ASUS GeForce GTX 960 Strix 2-way SLI review

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Maxwell Graphics Architecture

Maxwell Graphics Architecture

Let's again put most of the data in a chart to get an idea and better overview of changes:

GeForce GTX 780 GTX 780 Ti GTX Titan Black GTX 960 GTX 970 GTX 980
Fabrication node 28 nm 28 nm 28 nm 28 nm 28 nm 28 nm
Shader processors 2304 2880 2880 1024 1664 2048
Streaming Multiprocessors (SMX) 12 15 15 8 13 16
Texture Units 192 240 240 64 104 128
ROP units 48 48 48 32 56 64
GPU Clock (Core/Boost) 863/900 875/928 889/980 1127/1178 1050/1178 1126/1216
Memory Clock / Data rate 1502/6008 1750/7000 1750/7000 1750/7000 1750/7000 1750/7000
Graphics memory 3072 3072 6144 2048 4096 4096
Memory interface 384-bit 384-bit 384-bit 128-bit 256-bit 256-bit
Memory bandwidth 288 GB/s 336 GB/s 336 GB/s 112 GB/s 224 GB/s 224 GB/s
Power connectors 1x6-pin PEG, 1x8-pin PEG 1x6-pin PEG, 1x8-pin PEG 1x6-pin PEG, 1x8-pin PEG 1x 8-pin 2x6-pin PEG 2x6-pin PEG
Max board power (TDP) 250 Watts 250 Watts 250 Watts 120 Watts 145 Watts 165 Watts
Recommended Power supply 600 Watts 600 Watts 600 Watts 450 Watts 500 Watts 500 Watts
GPU Thermal Threshold 95 degrees C 95 degrees C 95 degrees C 95 degrees C 95 degrees C 95 degrees C

So we talked about the core clocks, specifications and memory partitions. However, to be able to better understand a graphics processor you simply need to break it down into small pieces. Let's first look at the raw data that most of you can understand and grasp. This bit will be about the Maxwell GM204 architecture. NVIDIA’s “Maxwell” GPU architecture implements a number of architectural enhancements designed to extract even more performance and more power efficiency per watt consumed.


So above, we see the GM206 block diagram that entails the Maxwell architecture, Nvidia started developing the GPU around 2011/2014 actually. Each of the two GPCs has eight SMX/SMM (streaming multi-processor) clusters in total. You'll spot the two 64-bit memory interfaces, bringing in a 128-bit path to the graphics memory at 7 Gbps, default the cards can reach 112 GB/sec.

Let's break it down into bits and pieces. The GM206 will have:

  • 1024 (GTX 960) CUDA/Shader/Stream processors are used
  • There are 128 CUDA cores (shader processors) per cluster
  • 2.94 Billion Transistors
  • 64 Texture units
  • 32 ROP units
  • 128-bit GDDR5 @ 112 GB/s
  • Texture Filtering Rate (Bilinear) 72.1 GigaTexels/sec
An important thing to focus on is the SM (block of shader processors) clusters (SMX), which have 128 shader processors. Let's zoom in even further.
One SMX: 128 single‐precision shader cores, double‐precision units, special function units (SFU), and load/store units.

So based on a full 8 SMM 1024 shader core chip the SMX looks fairly familiar in design. In the pipeline we run into the ROP (Raster Operation) engine and the GM206 has a nice 32 engines for features like pixel blending and AA. The GPU has 64 KB of L1 cache for each SMX plus a special 48 KB texture unit memory that can be utilized as a read-only cache. The GPU’s texture units are a valuable resource for compute programs with a need to sample or filter image data. The texture throughput is significantly decreased compared to Fermi – each SMX unit contains 8 texture filtering units.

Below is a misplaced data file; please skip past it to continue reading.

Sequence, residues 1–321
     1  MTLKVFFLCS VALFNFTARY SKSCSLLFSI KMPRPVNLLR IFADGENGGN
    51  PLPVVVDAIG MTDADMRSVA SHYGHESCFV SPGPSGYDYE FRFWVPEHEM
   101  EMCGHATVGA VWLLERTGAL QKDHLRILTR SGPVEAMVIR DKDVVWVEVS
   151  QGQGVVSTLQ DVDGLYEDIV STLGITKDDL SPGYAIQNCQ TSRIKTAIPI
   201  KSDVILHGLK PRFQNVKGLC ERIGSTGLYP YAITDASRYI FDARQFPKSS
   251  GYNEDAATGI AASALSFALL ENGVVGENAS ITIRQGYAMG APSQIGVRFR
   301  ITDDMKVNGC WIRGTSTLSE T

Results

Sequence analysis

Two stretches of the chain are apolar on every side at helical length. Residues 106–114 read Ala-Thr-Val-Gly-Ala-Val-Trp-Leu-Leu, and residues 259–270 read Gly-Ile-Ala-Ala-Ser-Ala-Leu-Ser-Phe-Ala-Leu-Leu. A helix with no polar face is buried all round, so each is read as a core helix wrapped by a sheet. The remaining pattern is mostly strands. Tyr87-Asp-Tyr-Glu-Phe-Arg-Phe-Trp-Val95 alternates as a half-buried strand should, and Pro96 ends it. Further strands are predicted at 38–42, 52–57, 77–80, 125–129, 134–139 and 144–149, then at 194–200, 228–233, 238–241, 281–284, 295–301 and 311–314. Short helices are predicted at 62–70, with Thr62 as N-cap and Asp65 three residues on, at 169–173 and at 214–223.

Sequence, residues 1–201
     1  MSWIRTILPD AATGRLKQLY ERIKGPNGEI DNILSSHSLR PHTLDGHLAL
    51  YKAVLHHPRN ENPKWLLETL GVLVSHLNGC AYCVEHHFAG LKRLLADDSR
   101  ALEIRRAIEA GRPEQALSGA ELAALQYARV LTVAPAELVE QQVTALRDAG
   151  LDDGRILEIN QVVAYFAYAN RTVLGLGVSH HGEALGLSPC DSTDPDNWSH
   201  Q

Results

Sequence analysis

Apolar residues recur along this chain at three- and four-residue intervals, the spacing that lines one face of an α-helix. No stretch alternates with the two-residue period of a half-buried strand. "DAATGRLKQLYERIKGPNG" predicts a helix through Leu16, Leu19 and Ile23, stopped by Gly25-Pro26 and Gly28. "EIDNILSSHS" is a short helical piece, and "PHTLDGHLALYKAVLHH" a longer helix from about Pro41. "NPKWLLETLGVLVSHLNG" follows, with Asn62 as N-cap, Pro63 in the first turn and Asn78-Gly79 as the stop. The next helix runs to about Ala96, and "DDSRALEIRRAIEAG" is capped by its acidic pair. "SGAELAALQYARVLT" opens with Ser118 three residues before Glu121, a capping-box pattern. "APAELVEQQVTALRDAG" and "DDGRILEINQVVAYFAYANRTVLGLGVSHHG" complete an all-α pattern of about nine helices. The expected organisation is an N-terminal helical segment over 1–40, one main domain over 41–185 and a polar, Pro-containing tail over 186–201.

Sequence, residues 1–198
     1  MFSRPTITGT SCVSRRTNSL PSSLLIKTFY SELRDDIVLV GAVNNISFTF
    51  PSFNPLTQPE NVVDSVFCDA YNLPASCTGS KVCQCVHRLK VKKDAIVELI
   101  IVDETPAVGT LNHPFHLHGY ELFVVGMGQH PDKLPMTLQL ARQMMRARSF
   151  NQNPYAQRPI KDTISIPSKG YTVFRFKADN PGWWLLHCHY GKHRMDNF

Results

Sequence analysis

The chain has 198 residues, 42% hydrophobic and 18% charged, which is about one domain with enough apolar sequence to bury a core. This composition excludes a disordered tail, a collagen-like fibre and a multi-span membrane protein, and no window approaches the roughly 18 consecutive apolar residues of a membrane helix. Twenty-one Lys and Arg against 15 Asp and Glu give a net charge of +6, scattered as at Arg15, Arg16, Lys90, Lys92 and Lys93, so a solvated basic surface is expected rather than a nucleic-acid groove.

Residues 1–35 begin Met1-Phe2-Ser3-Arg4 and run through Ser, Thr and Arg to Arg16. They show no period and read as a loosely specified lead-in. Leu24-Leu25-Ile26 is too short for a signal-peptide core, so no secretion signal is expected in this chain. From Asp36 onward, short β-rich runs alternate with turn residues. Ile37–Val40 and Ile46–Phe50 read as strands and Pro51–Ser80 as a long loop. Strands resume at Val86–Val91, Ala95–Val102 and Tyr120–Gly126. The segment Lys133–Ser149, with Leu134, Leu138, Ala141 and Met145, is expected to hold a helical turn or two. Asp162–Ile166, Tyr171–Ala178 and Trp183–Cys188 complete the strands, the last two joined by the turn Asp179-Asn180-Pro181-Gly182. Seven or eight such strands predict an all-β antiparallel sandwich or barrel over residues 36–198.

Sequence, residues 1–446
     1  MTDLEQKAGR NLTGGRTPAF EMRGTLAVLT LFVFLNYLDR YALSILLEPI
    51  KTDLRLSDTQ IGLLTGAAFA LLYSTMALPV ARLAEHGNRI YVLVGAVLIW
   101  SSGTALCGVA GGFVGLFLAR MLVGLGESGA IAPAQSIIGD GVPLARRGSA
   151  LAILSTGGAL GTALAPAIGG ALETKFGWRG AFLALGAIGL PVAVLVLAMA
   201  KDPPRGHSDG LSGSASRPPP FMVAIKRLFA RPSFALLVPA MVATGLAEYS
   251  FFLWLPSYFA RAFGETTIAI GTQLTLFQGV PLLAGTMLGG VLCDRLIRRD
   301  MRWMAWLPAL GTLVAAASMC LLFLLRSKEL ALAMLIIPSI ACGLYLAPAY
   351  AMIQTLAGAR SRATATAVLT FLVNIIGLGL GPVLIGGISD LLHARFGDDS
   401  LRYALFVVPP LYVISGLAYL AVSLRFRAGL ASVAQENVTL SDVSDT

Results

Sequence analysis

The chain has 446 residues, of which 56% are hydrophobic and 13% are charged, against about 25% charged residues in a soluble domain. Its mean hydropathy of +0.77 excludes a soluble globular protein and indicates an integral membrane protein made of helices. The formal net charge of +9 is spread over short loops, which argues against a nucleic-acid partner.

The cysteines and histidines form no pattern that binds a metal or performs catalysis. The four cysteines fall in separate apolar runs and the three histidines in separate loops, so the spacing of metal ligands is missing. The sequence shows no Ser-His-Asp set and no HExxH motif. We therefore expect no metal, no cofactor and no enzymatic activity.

• GeForce GTX 960 has 8 SMX x 8 Texture units = 64
  • GeForce GTX 970 has 13 SMX x 8 Texture units = 104
  • GeForce GTX 980 has 16 SMX x 8 Texture units = 128

So there's a total of up-to 8 SMX x 8 TU = 64 texture filtering units available for the silicon itself (once all SMXes are enabled). Typically lower is worse, but these cards however require little voltage and can be clocked very high. And that's where performance kicks in at low power consumption. To reduce DRAM bandwidth demands, NVIDIA GPUs make use of lossless compression techniques as data is written out to memory. The bandwidth savings from this compression are realized a second time when clients such as the Texture Unit later read the data. As illustrated in the preceding figure, the compression engine has multiple layers of compression algorithms.

Any block going out to memory will first be examined to see if 4x2 pixel regions within the block are constant, in which case the data will be compressed 8:1 (i.e., from 256B to 32B of data, for 32b color). If that fails, but 2x2 pixel regions are constant, they will compress the data 4:1. These modes are effective for AA surfaces, but less so for 1xAA rendering. Therefore, starting in Fermi Nvidia also implemented support for a “delta color compression” mode. In this mode, they calculate the difference between each pixel in the block and its neighbour, and then try to pack these different values together using the minimum number of bits. For example if pixel A’s red value is 253 (8 bits) and pixel B’s red value is 250 (also 8 bits), the difference is 3, which can be represented in only 2 bits. If the block cannot be compressed in any of these modes, then the GPU will write out data uncompressed, preserving the lossless rendering requirement.

The effectiveness of delta color compression depends on the specifics of which pixel ordering is chosen for the delta color calculation. Maxwell contains the third generation of delta color compression, which improves effectiveness by offering more choices of delta calculation to the compressor. Thanks to the improvements in caching and compression in Maxwell, the GPU is able to significantly reduce the number of bytes that have to be fetched from memory per frame. Maxwell uses roughly 25% fewer bytes per frame compared to Kepler.

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